Does Creatine Cause Bloating? Everything You Need to Know

Creatine is one of the most popular supplements among bodybuilders. Creatine is used to increase strength, size and endurance. Creatine supplementation has been shown to improve muscle mass, decrease fatigue during exercise and enhance athletic performance. However, there are some concerns with creatine use including:

Can it cause kidney stones?

Is it safe if taken in excess?

What does Creatine Do?

Creatine is a molecule made up of two amino acids – glycine and methionine. These two amino acids combine together to form the chemical compound known as creatine phosphate (PCr). PCr is a building block of all cells in the human body. When creatine is consumed, it enters the bloodstream where it acts as an energy source for muscles and other tissues.

The main function of creatine is to supply energy to working muscles. It helps maintain blood flow through the heart, lungs and kidneys. In addition, creatine increases levels of nitric oxide (NO) which improves circulation throughout the body. This helps deliver more oxygen, nutrients and energy to the muscles.

The process of creatine synthesis involves combining amino acids arginine, glycine and methionine. The liver and kidneys are primarily responsible for this process, although creatine can be obtained from food as well (from meats and fish).

There are some differences between creatine monohydrate vs creatine citrate (a buffered form of creatine). For example, creatine monohydrate is 66% creatine by weight. Creatine citrate is 60% creatine. The remaining 40% of the compound is the buffering agent potassium citrate.

Most of the studies conducted on creatine supplementation used the monohydrate form. It’s important to follow the instructions and recommendations on dosage and timing.

How Does Creatine Cause Bloating?

Some people have experienced bloating after taking creatine. Bloating is the swelling of the abdomen due to the presence of excess gas. Bloating can also be due to water retention. In either case, you can get rid of bloat by having more water as well as using an anti-gas product like activated charcoal or a product that gets binders out of the gut like e-coat.

What Does creatine Do?

Athletes use creatine as a supplement. It is highly debated whether or not it is effective in increasing performance or improving muscle mass.

However, some research has shown that creatine supplementation can increase power performance. Other studies have shown that creatine supplementation doesn’t increase strength in older adults or improve performance on aerobic exercise.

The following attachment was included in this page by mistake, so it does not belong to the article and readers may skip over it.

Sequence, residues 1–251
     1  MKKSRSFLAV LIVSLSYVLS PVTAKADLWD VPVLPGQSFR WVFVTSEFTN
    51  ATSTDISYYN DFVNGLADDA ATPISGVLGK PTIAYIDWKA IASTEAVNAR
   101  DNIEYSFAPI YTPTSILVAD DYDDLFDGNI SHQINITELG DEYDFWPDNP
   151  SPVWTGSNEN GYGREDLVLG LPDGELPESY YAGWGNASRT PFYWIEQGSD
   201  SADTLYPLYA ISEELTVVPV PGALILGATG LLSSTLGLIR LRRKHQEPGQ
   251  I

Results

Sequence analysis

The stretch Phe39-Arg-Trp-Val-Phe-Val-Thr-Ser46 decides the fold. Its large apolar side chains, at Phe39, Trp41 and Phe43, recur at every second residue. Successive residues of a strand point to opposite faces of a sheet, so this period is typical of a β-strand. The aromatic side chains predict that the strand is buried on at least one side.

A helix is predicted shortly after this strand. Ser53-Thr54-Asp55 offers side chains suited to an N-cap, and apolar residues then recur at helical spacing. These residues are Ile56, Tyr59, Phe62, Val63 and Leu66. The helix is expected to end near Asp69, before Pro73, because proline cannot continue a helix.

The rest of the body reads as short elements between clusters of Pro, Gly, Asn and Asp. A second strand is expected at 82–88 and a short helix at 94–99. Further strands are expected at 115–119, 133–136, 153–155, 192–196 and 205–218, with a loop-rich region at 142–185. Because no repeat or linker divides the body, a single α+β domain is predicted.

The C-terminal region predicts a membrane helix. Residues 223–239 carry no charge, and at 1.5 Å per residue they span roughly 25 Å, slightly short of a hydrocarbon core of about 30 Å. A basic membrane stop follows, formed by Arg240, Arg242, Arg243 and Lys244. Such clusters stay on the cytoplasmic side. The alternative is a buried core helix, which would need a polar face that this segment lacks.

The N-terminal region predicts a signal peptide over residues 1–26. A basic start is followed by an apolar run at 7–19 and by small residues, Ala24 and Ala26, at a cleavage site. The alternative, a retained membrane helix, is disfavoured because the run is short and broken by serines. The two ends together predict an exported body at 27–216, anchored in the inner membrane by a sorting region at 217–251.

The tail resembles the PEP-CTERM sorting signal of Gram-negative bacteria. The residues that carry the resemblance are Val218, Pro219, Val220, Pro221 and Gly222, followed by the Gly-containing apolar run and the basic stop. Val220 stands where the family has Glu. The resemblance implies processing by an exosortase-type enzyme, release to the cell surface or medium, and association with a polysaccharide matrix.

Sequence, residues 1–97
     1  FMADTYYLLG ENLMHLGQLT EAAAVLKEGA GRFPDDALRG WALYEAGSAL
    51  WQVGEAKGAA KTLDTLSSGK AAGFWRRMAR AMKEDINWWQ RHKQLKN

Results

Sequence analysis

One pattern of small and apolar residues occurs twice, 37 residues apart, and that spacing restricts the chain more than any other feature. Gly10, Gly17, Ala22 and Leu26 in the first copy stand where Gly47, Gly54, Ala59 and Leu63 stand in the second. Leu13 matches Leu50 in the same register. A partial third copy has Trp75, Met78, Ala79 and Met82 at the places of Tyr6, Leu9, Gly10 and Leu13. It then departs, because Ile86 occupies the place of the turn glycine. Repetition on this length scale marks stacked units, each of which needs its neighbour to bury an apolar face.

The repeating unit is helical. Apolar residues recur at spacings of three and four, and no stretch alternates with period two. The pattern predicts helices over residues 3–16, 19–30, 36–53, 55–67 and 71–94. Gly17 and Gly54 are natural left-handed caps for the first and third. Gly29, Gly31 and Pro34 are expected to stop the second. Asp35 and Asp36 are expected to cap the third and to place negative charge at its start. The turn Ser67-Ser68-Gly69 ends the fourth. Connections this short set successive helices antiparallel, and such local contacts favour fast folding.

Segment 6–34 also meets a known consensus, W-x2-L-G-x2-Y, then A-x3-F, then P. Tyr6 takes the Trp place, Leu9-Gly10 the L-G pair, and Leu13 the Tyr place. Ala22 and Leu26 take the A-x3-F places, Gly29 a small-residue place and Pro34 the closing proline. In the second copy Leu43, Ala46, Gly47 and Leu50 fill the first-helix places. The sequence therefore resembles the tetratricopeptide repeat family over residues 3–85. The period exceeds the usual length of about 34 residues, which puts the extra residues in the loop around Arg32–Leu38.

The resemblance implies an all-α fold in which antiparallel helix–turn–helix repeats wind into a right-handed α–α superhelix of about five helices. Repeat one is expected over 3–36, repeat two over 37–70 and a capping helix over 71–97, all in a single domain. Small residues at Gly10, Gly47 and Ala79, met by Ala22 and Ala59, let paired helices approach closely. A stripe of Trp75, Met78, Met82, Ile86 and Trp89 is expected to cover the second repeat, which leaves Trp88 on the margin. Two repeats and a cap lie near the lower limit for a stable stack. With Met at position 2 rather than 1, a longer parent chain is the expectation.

As with most supplements, there are both positive and negative effects to consider when taking creatine. There are benefits as well as side effects of creatine. It’s important to weigh out both the pros and cons before starting any type of new supplement.

The most common side effects of creatine are stomach pain, diarrhea, muscle cramps, nausea, fatigue and weight gain. While serious side effects are less likely to occur, they may include seizures, swelling of the ankles or legs, and heart arrhythmias.

Who Shouldn’t Take Creatine?

There are certain groups that should not take creatine. This includes individuals with a history of kidney or liver disorders, diabetes or heart disease.

Because creatine increases the amount of water in your body, it is vital that you stay properly hydrated when supplementing with this product. Also, you should not take creatine if you are pregnant or breastfeeding.

How and Where to Take Creatine

Most creatine on the market comes in the form of a drink mix. Typically, it’s mixed with water. However, you can mix it with juice or other types of liquids. The recommended dose is usually three to five grams a day for a period of four to eight weeks. After this time period, you may choose to stop taking creatine or cycle on and off it.

Is Creatine Safe?

Most people tolerate creatine quite well. In general, side effects are rare and are limited to stomach pain and diarrhea. There have been some reports of personality changes, anxiety, and muscle cramping. However, there is not enough evidence to confirm that creatine causes these side effects.

Other concerns with creatine supplementation include an increase in the risk of dehydration as well as kidney and liver problems. In addition, a small number of people may experience an allergic reaction to creatine, which can lead to difficulty breathing or tightening of the chest.

A Word From Verywell

Sources & references used in this article:

Creatine metabolism and psychiatric disorders: Does creatine supplementation have therapeutic value? by PJ Allen – Neuroscience & Biobehavioral Reviews, 2012 – Elsevier

Creatine supplementation increases total body water without altering fluid distribution by ME Powers, BL Arnold, AL Weltman… – Journal of athletic …, 2003 –

Studies on the antidiuretic effect of cyclophosphamide: vasopressin release and sodium excretion by U Bode, SM Seif, AS Levine – Medical and Pediatric Oncology, 1980 – Wiley Online Library

Adverse effects of creatine supplementation by JR Poortmans, M Francaux – Sports Medicine, 2000 – Springer

Creatine supplementation during pulmonary rehabilitation in chronic obstructive pulmonary disease by JP Fuld, LP Kilduff, JA Neder, Y Pitsiladis, MEJ Lean… – Thorax, 2005 –

Effects of creatine loading and prolonged creatine supplementation on body composition, fuel selection, sprint and endurance performance in humans by LJC LOON, AM Oosterlaar, F Hartgens… – Clinical …, 2003 –

Effects of acute creatine monohydrate supplementation on leucine kinetics and mixed-muscle protein synthesis by G Parise, S Mihic, D MacLennan… – Journal of Applied …, 2001 –